The MLB All-Star Game has been full of memorable moments, and with the 82nd Mid-summer Classic upon us, Atlanta Braves fans remember some special moments for their team in All-Star Game history. We here at Talking Chop are proud to introduce the top-10 Braves All-Star Game moments.
July 13, 2010 - Anaheim, California
Depending on whom you ask, sometimes it's often said that the bigger honor than starting an All-Star Game, is being selected as a reserve. Whereas fans across the world have the definitive word on who starts the game (that counts now, by the way), and have been known to controversially stuff ballots with illogical choices, such as Mark Loretta, Kosuke Fukudome, Raul Ibanez, and the steadily declining Derek Jeter, leading to the obvious questioning of the validity of being voted a starter, the reserves are selected by none other than the managers. Managers of peers and opponents, all across the baseball landscape. Being selected as a reserve recognizes talent and credentials, and not just simply because fans of the most recognized and/or popular teams are stuffing boxes or clogging bandwidth to get their team's players into the game.
Despite being a four-time All-Star prior to 2010, Brian McCann's All-Star history has been less than memorable. Named a reserve in all previous years due to simply more popular and recognized catchers such as Paul Lo Duca, Russell Martin, Geovany Soto, and Yadier Molina being voted in as starters, McCann's opportunities to shine have been sparse and limited:
2006: 6th inning entry, 1 PA, 0/1
2007: 7th inning entry, 1 PA, 0/1
2008: 15th inning entry, 0 PA, (run over at home plate by Justin Morneau to end game due to Brad Lidge implosion + girlie-throw from Corey Hart)
2009: 8th inning entry, 1 PA, 0/1
In McCann's fifth consecutive All-Star appearance at Angel Stadium, manager Charlie Manuel took a slightly more equidistant approach to the catching duties - at approximately halfway through the game in the fifth inning, Yadier Molina was lifted for Brian McCann. He gave the American League a brief scare when he made good contact on a Justin Verlander 3-2 fastball with runners on first and third, with two outs, but it was still playable for the host team's Torii Hunter. It looked like it could be another uneventful All-Star appearance for ‘ol Heap, but at least there was time for another at-bat.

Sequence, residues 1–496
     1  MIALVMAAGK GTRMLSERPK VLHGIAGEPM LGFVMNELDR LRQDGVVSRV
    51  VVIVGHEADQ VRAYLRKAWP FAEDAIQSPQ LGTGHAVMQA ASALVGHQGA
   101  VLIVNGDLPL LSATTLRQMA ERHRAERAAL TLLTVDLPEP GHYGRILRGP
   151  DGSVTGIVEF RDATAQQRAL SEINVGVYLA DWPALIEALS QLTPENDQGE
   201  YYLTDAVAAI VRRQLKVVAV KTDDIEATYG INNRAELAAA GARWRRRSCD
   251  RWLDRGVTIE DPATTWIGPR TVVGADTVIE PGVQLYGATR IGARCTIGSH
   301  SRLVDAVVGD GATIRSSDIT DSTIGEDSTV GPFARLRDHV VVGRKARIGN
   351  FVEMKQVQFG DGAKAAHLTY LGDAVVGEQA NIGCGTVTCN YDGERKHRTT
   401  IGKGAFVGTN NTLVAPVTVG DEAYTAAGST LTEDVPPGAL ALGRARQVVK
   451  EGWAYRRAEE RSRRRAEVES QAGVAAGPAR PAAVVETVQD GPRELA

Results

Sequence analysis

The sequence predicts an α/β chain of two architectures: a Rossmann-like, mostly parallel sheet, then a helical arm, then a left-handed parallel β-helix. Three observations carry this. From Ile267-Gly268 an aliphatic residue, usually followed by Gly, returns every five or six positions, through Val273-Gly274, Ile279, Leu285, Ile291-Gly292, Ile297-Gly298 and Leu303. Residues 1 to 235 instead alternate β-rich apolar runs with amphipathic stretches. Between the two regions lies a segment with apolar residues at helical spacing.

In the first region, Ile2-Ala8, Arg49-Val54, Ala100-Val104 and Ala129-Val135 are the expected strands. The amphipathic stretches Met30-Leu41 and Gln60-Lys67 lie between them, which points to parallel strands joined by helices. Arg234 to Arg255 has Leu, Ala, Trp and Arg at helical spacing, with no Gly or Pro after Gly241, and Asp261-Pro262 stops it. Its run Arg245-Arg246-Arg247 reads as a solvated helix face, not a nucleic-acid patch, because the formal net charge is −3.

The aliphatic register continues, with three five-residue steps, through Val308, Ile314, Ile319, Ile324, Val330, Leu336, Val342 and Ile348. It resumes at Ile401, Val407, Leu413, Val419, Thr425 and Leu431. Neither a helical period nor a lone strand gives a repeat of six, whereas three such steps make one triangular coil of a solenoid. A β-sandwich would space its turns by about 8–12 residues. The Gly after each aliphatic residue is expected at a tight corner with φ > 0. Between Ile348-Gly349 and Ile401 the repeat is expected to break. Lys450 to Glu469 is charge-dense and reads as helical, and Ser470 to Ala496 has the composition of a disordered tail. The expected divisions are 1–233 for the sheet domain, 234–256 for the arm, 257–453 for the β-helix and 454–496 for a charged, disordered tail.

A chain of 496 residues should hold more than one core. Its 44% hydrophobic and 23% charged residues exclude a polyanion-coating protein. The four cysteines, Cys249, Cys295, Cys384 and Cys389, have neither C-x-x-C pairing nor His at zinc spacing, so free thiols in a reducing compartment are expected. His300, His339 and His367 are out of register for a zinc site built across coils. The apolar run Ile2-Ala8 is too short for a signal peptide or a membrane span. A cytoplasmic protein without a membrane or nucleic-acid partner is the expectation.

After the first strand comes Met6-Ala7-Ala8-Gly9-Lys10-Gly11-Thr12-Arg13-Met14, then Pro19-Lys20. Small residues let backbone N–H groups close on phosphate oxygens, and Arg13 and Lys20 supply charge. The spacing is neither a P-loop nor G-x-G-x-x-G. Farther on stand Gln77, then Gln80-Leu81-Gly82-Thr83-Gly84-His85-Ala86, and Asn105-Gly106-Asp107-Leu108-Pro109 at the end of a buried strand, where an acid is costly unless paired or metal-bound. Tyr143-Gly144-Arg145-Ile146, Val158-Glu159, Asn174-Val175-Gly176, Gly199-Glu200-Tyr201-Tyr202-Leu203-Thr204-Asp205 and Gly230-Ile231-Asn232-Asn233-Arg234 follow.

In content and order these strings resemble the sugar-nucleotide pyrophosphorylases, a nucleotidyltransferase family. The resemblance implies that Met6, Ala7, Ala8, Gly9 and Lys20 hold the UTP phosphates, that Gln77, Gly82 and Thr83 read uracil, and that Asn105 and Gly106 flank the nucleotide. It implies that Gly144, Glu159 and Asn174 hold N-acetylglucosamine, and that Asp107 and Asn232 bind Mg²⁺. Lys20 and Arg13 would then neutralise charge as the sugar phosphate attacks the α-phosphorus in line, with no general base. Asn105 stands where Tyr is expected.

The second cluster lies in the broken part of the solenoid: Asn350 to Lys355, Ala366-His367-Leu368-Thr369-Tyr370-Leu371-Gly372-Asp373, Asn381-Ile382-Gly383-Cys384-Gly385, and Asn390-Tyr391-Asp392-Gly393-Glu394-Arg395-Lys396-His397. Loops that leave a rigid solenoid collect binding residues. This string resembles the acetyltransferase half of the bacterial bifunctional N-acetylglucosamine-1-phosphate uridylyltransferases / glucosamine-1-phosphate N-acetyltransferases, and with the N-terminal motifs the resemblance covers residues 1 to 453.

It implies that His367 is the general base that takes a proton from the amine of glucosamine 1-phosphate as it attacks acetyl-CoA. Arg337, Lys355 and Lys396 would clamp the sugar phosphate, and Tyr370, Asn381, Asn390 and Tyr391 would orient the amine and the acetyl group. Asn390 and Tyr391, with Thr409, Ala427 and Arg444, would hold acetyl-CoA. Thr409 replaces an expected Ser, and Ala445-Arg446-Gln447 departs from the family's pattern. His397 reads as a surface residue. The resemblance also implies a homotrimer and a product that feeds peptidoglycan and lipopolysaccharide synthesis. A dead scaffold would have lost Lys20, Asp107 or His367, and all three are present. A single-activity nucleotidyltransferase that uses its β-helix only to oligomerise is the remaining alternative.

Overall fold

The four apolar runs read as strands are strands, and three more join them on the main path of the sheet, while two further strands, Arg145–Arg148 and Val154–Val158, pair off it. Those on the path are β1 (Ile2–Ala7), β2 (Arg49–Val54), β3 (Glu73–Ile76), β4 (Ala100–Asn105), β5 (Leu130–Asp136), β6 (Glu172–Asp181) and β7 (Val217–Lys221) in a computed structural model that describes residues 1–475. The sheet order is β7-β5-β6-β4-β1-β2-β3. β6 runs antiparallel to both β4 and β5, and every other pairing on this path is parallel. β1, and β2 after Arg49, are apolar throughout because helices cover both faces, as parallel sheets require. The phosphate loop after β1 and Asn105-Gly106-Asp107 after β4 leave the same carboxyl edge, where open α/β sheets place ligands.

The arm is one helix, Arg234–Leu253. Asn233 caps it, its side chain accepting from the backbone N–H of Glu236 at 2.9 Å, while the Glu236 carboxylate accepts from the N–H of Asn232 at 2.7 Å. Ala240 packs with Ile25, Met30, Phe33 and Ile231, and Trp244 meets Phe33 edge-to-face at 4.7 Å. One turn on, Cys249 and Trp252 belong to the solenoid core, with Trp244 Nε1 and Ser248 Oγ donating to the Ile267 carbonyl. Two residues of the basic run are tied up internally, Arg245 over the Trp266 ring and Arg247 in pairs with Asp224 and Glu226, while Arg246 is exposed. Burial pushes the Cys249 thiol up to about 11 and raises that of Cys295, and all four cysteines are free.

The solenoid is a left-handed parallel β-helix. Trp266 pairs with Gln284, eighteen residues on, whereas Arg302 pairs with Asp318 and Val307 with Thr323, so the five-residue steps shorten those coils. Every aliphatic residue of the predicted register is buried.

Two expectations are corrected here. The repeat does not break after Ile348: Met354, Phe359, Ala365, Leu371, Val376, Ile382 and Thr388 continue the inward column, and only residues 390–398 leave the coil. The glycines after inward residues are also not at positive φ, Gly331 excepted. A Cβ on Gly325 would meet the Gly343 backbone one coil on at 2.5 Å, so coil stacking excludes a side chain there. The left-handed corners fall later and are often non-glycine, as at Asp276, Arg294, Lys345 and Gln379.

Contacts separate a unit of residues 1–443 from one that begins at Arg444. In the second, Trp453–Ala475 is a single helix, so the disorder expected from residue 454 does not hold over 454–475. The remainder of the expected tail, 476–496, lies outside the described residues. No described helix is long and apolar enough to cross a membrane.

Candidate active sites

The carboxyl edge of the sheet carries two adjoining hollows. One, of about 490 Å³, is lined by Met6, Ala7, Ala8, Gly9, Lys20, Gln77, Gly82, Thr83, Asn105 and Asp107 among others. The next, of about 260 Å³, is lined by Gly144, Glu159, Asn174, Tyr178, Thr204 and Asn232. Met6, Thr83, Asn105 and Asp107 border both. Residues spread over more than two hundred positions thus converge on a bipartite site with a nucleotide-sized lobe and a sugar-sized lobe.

In the seventh inning, with the American League leading 1-0, the Yankees' Phil Hughes yielded singles to Scott Rolen and Matt Holliday, and was lifted with one out in favor of the White Sox's flame-throwing lefty, Matt Thornton. He dispatched of Chris Young, but then walked Marlon Byrd, and suddenly the stage was set for Brian McCann to get another opportunity to make a little bit of All-Star magic.
After fouling off the first pitch, Brian didn't wait to nurse a deep count to strike, and on the second pitch of the at-bat, crushed a 98 mph fastball right down the right-field line. Rolen scores. Holliday scores. Byrd scores. McCann standing at second, emphatically clapping his hands in celebration of his bases-clearing go-ahead 3 RBI double. National League 3, American League 1.
And that would ultimately be the final score, as the National League ends a 13-year drought of consecutive losses to the Junior Circuit. Justifiably so, Brian McCann is named the MVP of 2010 All-Star Game for his clutch heroics.
Depending on whom you ask, sometimes the biggest honor is being voted as a starter of the All-Star Game, because at that time, everyone thinks you're the best. And I may question the agendas of baseball fans when some questionable selections are named starters sometimes, but they finally got it right this year. Starting for your 2011 National League All-Stars, catcher Brian McCann, of the Atlanta Braves.